This excessively violent western finds Cresta Marybelle Lee (Candice Bergen) and US Army Private Honus Gant (Peter Strauss) the only survivors of an Indian massacre. The two live with the Cheyennes for two years before they manage to escape. Isaac Cumber (Donald Pleasence) is the white trader who sells guns to the Indians. Cresta tries to warn the tribe that they will be massacred by the soldiers. When the Indians try to surrender, their pleas for mercy are ignored. Women are raped, children are killed and the entire village is burned to the ground. The film tries to draw parallels between the war in Vietnam and the extermination of the Indians a century earlier. There is no middle ground or shades of gray as the Indians are portrayed as good and the soldiers as bad.
Sophie's Choice (1982), Director: Alan J. Pakula, Running time: 150 minutes.
A young would-be writer named Stingo (Peter MacNicol) shares a boarding house with beautiful Polish immigrant Sophie (Meryl Streep) and her tempestuous lover, Nathan (Kevin Kline); their friendship changes his life. This adaptation of the bestselling novel by William Styron is faithful to the point of being reverential, which is not always the right way to make a film come to life. But director Alan J. Pakula (All the President's Men) provides a steady, intelligent path into the harrowing story of Sophie, whose flashback memories of the horrors of a Nazi concentration camp form the backbone of the movie. Streep's exceptional performance—flawless Polish accent and all—won her an Oscar, and effectively raised the standard for American actresses of her generation. No less impressive is Kevin Kline, in his movie debut, capturing the mercurial moods of the dangerously attractive Nathan. The two worlds of Sophie's Choice, nostalgic Brooklyn and monstrous Europe, are beautifully captured by the gifted cinematographer Néstor Almendros, whose work was Oscar-nominated but didn't win. It should have. (Robert Horton for Amazon.com)
Sophie Scholl: The Final Days (2005), Director: Marc Rothemund, Running time: 117 minutes.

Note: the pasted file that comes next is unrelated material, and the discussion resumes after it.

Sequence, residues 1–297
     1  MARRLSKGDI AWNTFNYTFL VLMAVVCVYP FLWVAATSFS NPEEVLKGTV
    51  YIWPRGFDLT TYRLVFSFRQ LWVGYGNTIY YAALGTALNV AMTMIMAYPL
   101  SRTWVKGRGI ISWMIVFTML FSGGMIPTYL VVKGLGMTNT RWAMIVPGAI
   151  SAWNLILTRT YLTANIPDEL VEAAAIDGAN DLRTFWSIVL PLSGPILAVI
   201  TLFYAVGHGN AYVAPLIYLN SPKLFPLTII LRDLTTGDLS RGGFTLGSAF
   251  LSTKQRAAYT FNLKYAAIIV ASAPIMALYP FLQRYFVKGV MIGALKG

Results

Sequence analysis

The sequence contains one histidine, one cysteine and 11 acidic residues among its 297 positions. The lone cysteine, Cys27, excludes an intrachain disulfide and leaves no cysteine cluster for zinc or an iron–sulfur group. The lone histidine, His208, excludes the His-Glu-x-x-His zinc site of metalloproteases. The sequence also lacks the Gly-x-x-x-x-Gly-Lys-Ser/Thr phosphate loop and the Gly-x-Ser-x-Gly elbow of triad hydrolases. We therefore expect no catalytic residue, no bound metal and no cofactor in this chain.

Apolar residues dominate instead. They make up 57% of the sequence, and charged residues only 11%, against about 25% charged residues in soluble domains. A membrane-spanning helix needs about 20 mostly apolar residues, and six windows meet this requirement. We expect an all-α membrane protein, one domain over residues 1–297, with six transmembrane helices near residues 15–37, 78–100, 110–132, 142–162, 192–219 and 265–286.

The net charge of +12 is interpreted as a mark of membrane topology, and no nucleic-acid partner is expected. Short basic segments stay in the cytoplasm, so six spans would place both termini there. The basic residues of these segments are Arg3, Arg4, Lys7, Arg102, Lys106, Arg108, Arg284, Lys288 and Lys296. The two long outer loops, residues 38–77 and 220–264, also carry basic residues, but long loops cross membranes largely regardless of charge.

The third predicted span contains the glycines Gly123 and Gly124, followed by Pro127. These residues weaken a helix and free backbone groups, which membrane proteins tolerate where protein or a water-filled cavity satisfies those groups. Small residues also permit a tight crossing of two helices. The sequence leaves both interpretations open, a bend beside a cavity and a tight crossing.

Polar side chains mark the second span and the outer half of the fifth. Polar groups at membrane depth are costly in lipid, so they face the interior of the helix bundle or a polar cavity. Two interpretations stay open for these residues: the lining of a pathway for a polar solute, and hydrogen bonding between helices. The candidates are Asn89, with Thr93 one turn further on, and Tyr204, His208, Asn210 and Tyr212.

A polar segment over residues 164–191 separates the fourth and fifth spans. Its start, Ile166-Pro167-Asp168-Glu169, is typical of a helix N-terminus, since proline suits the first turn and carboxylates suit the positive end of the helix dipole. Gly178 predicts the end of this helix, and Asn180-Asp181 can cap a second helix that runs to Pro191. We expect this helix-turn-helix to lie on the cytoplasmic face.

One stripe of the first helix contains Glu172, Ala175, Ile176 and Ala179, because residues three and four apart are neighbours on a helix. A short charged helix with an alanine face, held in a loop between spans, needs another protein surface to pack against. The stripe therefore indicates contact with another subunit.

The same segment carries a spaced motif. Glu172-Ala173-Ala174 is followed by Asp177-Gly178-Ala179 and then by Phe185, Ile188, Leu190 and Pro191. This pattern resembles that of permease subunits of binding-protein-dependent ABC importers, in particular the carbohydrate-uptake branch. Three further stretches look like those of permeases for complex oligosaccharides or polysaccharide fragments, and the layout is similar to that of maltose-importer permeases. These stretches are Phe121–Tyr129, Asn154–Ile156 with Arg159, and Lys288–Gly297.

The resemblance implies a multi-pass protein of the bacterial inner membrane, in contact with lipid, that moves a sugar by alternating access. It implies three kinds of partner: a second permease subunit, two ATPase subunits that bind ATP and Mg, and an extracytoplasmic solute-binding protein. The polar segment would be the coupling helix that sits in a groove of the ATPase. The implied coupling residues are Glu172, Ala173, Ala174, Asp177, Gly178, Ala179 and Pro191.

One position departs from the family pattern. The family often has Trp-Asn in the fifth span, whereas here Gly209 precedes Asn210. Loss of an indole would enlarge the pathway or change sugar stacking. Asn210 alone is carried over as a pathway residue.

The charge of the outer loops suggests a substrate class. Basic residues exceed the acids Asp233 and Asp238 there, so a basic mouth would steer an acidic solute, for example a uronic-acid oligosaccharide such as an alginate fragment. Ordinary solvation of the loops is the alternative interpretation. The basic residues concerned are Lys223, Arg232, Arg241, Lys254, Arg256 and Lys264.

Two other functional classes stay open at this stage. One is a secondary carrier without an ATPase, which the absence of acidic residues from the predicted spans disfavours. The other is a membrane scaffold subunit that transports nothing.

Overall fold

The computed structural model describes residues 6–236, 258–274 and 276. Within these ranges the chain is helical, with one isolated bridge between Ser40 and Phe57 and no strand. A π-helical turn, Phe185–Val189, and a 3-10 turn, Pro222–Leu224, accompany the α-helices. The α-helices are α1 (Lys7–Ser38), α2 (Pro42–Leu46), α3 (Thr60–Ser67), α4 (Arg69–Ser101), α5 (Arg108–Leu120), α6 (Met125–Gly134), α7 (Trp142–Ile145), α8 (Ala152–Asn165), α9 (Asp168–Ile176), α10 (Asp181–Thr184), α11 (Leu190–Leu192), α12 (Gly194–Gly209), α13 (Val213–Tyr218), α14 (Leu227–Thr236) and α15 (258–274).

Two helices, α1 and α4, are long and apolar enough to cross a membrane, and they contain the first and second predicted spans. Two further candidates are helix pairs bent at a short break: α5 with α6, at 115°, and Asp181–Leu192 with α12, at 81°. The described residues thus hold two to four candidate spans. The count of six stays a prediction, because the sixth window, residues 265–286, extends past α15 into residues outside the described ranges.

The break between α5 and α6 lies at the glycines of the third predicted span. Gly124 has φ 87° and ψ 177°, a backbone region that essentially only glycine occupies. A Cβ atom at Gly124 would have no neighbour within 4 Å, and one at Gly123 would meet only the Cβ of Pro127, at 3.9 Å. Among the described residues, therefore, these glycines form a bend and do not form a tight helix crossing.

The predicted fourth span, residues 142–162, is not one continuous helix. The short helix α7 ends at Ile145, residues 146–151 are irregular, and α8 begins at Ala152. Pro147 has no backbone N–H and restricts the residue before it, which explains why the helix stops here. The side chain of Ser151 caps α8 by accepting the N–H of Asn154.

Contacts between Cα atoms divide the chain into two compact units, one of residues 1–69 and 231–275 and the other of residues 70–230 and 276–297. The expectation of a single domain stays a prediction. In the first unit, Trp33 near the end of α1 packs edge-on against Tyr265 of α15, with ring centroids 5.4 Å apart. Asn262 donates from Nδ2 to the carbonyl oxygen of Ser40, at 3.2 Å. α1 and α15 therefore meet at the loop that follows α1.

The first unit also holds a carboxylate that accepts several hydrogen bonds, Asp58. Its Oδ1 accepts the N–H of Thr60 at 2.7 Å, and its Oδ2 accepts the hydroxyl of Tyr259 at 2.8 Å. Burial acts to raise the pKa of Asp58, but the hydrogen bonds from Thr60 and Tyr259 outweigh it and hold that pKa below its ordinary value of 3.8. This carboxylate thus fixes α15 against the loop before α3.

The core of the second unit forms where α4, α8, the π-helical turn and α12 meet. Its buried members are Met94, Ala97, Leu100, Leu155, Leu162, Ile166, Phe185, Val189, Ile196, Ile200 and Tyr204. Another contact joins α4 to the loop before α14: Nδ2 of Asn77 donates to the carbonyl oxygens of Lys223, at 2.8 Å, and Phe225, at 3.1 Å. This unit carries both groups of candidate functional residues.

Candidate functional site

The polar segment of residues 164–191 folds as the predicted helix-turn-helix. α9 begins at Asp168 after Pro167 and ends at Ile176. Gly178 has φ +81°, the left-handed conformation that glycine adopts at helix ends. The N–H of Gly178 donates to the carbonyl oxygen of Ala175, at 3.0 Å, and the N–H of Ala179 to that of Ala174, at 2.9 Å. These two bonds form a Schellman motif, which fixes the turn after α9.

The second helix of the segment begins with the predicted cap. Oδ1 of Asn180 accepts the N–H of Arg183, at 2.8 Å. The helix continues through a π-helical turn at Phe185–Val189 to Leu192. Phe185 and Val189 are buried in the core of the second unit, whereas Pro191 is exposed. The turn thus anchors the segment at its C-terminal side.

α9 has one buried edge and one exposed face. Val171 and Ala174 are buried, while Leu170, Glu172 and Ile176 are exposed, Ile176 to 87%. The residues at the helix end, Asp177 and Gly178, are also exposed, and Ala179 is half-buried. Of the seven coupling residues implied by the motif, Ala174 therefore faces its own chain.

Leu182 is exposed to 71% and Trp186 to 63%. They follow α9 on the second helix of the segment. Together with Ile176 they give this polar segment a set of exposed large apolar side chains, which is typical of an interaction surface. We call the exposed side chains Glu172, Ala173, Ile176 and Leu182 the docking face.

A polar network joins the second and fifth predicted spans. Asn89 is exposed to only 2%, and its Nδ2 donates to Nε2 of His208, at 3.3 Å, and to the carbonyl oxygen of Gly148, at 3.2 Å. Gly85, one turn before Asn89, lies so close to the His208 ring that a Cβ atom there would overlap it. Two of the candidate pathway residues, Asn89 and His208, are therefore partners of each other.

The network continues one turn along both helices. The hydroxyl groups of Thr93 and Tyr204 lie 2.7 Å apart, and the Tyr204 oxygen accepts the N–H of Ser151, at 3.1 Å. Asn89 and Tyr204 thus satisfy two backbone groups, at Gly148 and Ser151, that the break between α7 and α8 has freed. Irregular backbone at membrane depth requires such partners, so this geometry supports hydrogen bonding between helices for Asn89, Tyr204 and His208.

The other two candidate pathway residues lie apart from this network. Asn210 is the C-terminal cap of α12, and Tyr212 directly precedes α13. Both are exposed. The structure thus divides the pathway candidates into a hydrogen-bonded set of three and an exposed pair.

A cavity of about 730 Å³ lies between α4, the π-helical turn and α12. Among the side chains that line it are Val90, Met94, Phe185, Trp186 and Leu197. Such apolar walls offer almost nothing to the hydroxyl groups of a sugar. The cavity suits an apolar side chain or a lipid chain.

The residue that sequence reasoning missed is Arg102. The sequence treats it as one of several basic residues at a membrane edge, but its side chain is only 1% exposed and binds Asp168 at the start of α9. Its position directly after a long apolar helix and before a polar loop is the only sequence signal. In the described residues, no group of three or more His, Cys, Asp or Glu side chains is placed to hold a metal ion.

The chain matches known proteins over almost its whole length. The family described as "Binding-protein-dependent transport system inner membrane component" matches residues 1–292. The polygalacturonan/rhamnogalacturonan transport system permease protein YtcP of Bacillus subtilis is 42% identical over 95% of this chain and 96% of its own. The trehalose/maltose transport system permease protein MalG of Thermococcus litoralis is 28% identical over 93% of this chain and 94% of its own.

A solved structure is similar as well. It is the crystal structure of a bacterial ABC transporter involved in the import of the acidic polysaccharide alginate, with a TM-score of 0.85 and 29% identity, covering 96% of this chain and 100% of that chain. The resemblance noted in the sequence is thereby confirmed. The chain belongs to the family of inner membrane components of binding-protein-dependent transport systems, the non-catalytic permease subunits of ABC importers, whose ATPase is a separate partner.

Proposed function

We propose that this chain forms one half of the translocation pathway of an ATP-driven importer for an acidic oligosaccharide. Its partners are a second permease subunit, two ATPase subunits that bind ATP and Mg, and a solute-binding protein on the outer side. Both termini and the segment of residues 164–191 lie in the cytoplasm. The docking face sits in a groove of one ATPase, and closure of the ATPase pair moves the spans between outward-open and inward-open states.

2005 Academy Award Nominee for Best Foreign Language Film, Sophie Scholl - The Final Days is the true story of Germany's most famous anti-Nazi heroine brought to thrilling, dramatic life. Sophie Scholl stars Julia Jentsch in a luminous performance as the fearless activist of the underground student resistance group, The White Rose. Armed with long-buried historical records of her incarceration, director Marc Rothemund expertly re-creates the last six days of Sophie Scholl's life: a heart-stopping journey from arrest to interrogation, trial and sentence in 1943 Munich. Unwavering in her convictions and loyalty to her comrades, her cross-examination by the Gestapo quickly escalates into a searing test of wills as Scholl delivers a passionate call to freedom and personal responsibility that is both haunting and timeless.
The Sorrow and the Pity (1972), Director: Marcel Ophuls, Running time: 251 minutes.
A chronicle of a French city under the occupation. Director Marcel Ophuls combined interviews and archival film footage to explore the reality of the French occupation in one small industrial city, Clermont-Ferrand. He spoke with resistance fighters, collaborators, spies, farmers, government officials, writers, artists and veterans. The result is a shattering portrait of how ordinary people actually conducted themselves under extraordinary circumstances. By turns gripping, horrifying, and inspiring, Academy Award nominee The Sorrow and the Pity is a triumph of humanist filmmaking and a testament to the power of cinema.
SPIN: The Art of Selling the War (2007), Director: Josh Rushing, Running time: 23 minutes.
Directed by Josh Rushing, a veteran Marine Corps media spokesman, SPIN: The Art of Selling War is an investigative documentary that looks at the standard justification for going to war by the American administrations of past and present.
Stalag 17 (1953), Director: Billy Wilder, Running time: 120 minutes.